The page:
Frequently Asked Questions
Q: Why did you make this film?
A: I made Beautiful Births because I love watching shows and films about pregnancy and childbirth. Having gone through it myself several times, I became quite knowledgeable and passionate about the subject. I read and watched everything I possibly could during my pregnancies. To be honest, I never really stopped. Birth became one of those things that I felt was important that I wanted to talk about because the current programming available to women about the subject was real upsetting and off putting to me. It was high risk, emergency c-sections left and right, “I didn't know I was pregnant” and just overall, things that are more meant to be fear tactic than informed consent or factual evidence based information. So I talked about it openly and frequently. I soon found that other women were asking me for pregnancy advice all the time. It was like I had become the pregnancy and birth guru for friends, family, acquaintances and their friends and family started messaging me too. So while I was in putting myself through school for filmmaking, I thought it made sense to make a film on this subject that was more aligned with what I wanted to see as well as answer the most frequently asked questions that come my way from people all the time.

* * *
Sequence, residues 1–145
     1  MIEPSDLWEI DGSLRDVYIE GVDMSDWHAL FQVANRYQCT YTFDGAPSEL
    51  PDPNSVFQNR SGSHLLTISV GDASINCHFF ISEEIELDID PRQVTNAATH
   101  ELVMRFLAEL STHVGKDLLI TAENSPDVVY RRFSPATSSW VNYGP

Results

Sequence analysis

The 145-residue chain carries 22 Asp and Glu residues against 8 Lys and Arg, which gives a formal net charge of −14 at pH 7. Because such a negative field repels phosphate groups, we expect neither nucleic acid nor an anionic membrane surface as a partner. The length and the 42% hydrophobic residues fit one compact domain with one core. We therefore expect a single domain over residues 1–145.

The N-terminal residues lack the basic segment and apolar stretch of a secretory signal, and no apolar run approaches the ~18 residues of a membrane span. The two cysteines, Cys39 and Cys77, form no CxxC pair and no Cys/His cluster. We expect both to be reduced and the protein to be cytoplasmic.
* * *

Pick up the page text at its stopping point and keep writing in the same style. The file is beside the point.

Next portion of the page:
Q: Why didn't you become a midwife instead of a filmmaker, if you're so passionate about it?